A religious freedom summit on Oct. 14 united business and cultural leaders from the Chicago area to discuss the importance of religious freedom and encourage action to defend it.
Speaking to EWTN News two days before the Reclaiming Religious Liberty Leadership Summit, organizer Thomas Yep said that he was hoping to inspire participants "to realize their roots, to realize that religious liberty is under attack and what they can possibly do about it."
He said that the gathering, which took place at Halas Hall in the Chicago area, was expected to draw 150 attendees representing a cross section of city leaders, such as influential business leaders, owners of sports teams and other individuals with "spheres of influence."
The summit featured a dozen speakers discussing the importance of religious freedom. Some of the speakers, including U.S. Air Force Captain Guy D. Gruters, a former prisoner of war in Vietnam, were able to testify about what happens when religious liberty is not respected.
Others speakers offered comments from the perspectives of a lawyer, lawmaker, clergyman, medical group owner and media personality.
U.S. Rep. Dan Lipinski (D-Ill.) and Chicago Bears senior director of special projects Patrick McCaskey were two of the featured speakers at the event, along with attorney and editor Asma Uddin, radio host Dan Proft and Jewish rabbi Philip Lefkowitz.
The gathering was inter-religious and apolitical. Rather than endorsing candidates, summit speakers focused on the principles underlying religious freedom.
In the fight to "reclaim religious liberty," it is important to "start by helping people to understand what that right is," Yep said.
"You can't just say something is a right," he explained. Rather, there is a need to understand the foundation of the right in order for people to realize its fundamental value.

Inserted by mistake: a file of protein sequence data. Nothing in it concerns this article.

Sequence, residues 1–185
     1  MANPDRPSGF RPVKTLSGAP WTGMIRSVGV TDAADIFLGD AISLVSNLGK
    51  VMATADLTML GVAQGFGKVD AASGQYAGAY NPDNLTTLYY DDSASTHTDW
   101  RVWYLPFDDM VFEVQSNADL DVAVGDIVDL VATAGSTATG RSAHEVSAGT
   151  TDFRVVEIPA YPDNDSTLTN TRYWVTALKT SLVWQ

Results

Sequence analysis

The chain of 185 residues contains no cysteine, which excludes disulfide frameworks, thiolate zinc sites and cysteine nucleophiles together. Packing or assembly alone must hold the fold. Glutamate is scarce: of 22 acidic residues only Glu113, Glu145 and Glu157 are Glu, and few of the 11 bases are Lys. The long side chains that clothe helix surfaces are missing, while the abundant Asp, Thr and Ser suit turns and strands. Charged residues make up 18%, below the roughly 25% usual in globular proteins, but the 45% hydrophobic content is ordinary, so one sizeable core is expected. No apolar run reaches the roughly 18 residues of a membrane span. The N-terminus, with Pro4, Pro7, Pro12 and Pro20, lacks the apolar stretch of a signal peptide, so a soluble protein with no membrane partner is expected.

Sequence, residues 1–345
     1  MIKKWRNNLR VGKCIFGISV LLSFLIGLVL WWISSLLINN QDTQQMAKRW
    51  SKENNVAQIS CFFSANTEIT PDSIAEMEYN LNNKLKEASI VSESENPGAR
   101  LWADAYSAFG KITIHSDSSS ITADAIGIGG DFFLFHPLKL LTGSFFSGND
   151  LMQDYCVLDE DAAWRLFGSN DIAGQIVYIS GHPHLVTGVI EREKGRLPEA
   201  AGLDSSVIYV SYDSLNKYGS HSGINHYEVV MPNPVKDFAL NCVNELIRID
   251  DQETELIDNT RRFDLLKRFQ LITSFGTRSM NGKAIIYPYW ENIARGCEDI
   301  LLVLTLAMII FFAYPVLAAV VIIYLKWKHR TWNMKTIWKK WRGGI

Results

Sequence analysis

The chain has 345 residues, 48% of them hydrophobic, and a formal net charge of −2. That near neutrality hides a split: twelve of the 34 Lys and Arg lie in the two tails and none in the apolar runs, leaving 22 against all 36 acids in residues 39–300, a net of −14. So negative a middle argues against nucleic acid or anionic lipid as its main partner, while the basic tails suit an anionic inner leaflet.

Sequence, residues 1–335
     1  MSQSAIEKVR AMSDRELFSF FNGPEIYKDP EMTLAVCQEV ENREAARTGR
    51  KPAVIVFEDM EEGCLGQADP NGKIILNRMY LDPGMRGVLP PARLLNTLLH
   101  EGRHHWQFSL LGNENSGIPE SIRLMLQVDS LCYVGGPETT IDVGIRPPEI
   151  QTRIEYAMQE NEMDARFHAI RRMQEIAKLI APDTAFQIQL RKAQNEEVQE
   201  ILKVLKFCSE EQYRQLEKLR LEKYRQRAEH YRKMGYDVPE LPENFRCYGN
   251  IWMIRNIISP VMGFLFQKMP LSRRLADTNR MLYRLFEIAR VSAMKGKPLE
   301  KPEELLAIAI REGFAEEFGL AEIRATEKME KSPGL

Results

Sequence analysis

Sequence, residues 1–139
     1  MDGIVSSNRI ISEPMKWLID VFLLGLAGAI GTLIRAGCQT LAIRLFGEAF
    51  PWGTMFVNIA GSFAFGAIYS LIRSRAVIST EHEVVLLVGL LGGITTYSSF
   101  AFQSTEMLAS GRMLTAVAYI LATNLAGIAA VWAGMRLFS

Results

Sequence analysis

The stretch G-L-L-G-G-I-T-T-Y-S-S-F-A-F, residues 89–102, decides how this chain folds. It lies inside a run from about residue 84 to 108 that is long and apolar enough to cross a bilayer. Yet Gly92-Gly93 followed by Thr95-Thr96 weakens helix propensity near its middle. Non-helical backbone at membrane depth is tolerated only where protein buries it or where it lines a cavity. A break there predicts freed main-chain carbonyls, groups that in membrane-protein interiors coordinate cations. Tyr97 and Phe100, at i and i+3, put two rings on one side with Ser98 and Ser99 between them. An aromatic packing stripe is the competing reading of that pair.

The summit was intended to "take the founding fathers and make them relevant," engaging cultural leaders and reminding them of why they should care about religious liberty today, he said.
By reaching out to high level business executives and other influential leaders, Yep is hoping to have a national impact.
While attacks on religious liberty are not new, they have become more prominent, particularly in light of the national health care law, he explained.
Yep is currently one of more than 100 plaintiffs suing the federal government over a health insurance mandate issued under the health care law, which requires employers to offer coverage of contraception, sterilization and abortion-inducing drugs despite their religious or moral objections.
He hopes Chicago leaders are coming away from the summit educated and inspired to stand up for religious freedom.
Summit participants were asked to consider attending religious liberty events and to pray according to their own faith for the restoration of religious liberty. They were also encouraged to “engage people” through dialogue on the subject.
Participants also got a change to sign the Declaration of Chicago Values, a “clear but not confrontational” statement that included an outline of the meaning and importance of religious liberty.
“Religion is a very powerful thing,” said Yep, explaining that all major religions have basic moral principles that shape people’s behavior, and “our founding fathers understood that.”
"Religion teaches people how to be virtuous," he said. "And virtuous people make the best private and public citizens."
Yep believes that there is a need to educate people on the importance of religious freedom and to clear up misunderstandings about the threats surrounding it.
"Universal health care is a great thing," he explained, but not at the expense of religious freedom of expression.
Yep also stressed that religious liberty is more than a Catholic concern.
He noted that the summit included inter-religious speakers, including those of Jewish, Muslim and Evangelical backgrounds.
"This is not just a one-faith issue," Yep said, noting that a respect for conscience rights does not require religion at all, but can be based upon natural law.
"We want to present a universal approach," he said. "This is a universal issue, something we should all care about."